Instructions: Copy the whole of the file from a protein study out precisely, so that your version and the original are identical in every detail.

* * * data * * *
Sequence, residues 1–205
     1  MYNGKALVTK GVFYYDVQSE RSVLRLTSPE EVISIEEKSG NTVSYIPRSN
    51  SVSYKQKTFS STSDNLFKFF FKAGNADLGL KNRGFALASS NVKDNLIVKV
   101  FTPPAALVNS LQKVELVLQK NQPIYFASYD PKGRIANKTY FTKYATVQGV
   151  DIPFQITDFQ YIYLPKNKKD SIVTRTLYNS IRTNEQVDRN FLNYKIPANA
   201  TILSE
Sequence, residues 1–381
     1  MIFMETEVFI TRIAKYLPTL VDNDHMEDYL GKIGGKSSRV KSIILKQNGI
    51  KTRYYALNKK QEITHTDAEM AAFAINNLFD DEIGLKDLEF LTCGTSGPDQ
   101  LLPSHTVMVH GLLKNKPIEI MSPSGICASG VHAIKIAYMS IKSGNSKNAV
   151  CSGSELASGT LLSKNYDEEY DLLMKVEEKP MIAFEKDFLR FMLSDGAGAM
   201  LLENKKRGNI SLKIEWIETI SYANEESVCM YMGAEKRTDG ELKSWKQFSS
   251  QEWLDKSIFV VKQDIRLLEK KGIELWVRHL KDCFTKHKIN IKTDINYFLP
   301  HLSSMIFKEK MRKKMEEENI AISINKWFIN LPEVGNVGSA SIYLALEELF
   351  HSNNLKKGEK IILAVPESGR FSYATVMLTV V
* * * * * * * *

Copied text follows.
Sequence, residues 1–205
     1  MYNGKALVTK GVFYYDVQSE RSVLRLTSPE EVISIEEKSG NTVSYIPRSN
    51  SVSYKQKTFS STSDNLFKFF FKAGNADLGL KNRGFALASS NVKDNLIVKV
   101  FTPPAALVNS LQKVELVLQK NQPIYFASYD PKGRIANKTY FTKYATVQGV
   151  DIPFQITDFQ YIYLPKNKKD SIVTRTLYNS IRTNEQVDRN FLNYKIPANA
   201  TILSE
Sequence, residues 1–381
     1  MIFMETEVFI TRIAKYLPTL VDNDHMEDYL GKIGGKSSRV KSIILKQNGI
    51  KTRYYALNKK QEITHTDAEM AAFAINNLFD DEIGLKDLEF LTCGTSGPDQ
   101  LLPSHTVMVH GLLKNKPIEI MSPSGICASG VHAIKIAYMS IKSGNSKNAV
   151  CSGSELASGT LLSKNYDEEY DLLMKVEEKP MIAFEKDFLR FMLSDGAGAM
   201  LLENKKRGNI SLKIEWIETI SYANEESVCM YMGAEKRTDG ELKSWKQFSS
   251  QEWLDKSIFV VKQDIRLLEK KGIELWVRHL KDCFTKHKIN IKTDINYFLP
   301  HLSSMIFKEK MRKKMEEENI AISINKWFIN LPEVGNVGSA SIYLALEELF
   351  HSNNLKKGEK IILAVPESGR FSYATVMLTV V